International Research Team Gains New Insights into Tomato BreedingFebruary 21, 2018
To gain new insights into tomato breeding and their consequences, a group of researchers from China, USA, Bulgaria, and Germany analyzed the metabolic constitution and the genetic background of tomato fruits. In a paper published in the journal Cell, they presented an overview about the human influence on the chemical composition of a crop plant for the first time.
Tomatoes are from South and Middle America, where their wild relatives are small, and partly bitter tasting. Alkaloids are responsible for bitter-tasting compounds, and plants use them for protection against herbivore attacks. Domestication and modern breeding programs reduced the bitter tasting compounds of tomato and larger fruits were selected.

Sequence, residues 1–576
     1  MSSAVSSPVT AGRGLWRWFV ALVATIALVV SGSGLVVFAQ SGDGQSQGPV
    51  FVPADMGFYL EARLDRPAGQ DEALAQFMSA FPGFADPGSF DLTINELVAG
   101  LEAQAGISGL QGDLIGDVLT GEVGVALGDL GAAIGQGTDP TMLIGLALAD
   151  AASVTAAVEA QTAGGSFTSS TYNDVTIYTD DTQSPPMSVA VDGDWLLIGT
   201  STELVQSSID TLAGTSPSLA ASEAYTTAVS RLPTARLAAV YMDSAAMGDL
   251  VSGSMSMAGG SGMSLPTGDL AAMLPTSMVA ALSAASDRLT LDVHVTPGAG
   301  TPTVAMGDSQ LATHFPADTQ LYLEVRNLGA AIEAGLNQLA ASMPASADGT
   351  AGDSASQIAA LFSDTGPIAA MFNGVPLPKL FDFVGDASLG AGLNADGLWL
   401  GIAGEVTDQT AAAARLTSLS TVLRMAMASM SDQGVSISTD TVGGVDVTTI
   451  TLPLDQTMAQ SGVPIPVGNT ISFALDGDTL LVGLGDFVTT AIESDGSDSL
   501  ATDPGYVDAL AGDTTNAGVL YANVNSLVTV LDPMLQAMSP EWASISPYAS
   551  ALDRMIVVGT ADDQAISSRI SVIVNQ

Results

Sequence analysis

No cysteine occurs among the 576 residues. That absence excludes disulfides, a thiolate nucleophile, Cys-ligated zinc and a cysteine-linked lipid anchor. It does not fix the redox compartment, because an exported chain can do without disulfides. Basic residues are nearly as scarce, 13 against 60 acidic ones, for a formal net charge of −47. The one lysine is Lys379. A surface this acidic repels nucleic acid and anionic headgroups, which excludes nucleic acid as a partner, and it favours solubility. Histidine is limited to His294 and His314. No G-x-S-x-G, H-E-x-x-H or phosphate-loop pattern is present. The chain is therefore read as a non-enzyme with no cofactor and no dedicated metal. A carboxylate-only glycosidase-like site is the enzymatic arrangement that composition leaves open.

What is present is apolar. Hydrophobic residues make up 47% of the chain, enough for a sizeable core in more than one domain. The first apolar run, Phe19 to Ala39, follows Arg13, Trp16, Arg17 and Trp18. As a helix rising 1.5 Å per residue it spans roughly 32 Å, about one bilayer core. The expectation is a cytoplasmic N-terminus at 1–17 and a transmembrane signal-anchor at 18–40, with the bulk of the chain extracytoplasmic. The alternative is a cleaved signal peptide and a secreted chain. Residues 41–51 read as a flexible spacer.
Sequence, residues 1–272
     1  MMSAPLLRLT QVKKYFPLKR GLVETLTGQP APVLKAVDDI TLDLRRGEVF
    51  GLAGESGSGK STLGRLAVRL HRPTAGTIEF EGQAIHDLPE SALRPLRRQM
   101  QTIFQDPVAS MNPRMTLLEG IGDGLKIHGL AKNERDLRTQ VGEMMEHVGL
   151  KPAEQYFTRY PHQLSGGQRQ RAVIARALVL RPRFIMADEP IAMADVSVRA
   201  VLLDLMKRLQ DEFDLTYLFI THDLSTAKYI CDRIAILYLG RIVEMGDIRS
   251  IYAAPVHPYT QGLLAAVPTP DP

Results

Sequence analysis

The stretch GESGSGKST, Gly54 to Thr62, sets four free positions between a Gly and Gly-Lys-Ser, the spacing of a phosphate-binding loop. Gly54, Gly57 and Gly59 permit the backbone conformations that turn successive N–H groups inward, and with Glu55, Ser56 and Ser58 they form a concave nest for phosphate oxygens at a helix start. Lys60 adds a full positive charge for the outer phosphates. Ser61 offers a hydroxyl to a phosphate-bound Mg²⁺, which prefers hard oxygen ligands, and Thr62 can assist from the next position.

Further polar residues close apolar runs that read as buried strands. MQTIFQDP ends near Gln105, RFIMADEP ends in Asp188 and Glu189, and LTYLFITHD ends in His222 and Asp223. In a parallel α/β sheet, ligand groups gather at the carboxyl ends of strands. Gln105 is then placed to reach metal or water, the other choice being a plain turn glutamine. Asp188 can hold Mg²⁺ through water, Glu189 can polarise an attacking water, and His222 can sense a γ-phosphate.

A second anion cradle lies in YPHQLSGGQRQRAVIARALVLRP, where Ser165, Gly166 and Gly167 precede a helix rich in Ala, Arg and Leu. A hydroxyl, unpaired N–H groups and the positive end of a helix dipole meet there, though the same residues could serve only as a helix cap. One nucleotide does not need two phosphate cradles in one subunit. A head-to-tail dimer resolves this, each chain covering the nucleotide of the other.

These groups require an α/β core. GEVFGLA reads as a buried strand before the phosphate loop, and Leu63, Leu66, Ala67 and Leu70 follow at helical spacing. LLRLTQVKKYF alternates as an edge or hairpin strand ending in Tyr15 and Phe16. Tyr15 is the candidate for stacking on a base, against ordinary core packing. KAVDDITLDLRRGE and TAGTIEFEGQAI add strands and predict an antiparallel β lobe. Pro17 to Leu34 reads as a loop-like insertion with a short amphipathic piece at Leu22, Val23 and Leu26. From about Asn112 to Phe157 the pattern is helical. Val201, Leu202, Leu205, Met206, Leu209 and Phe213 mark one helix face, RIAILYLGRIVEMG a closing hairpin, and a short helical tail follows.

The research team analyzed and compared the genetic and metabolic composition of up to 610 tomatoes of different origins, said Professor Alisdair Fernie of the Max Planck Institute of Molecular Plant Physiology (MPI-MP). The comparison of wild and cultivated tomatoes is decisive here, because small berry-like fruits of the wild species were transformed into red tomatoes, which were nearly hundred times larger. The breeding process passed through two main stages. First, the plants were domesticated and secondly, they were improved. The researchers found that these two phases seemed to have had a different influence on the chemical composition of the fruit.
For more information, read the press release from MPI-MP.
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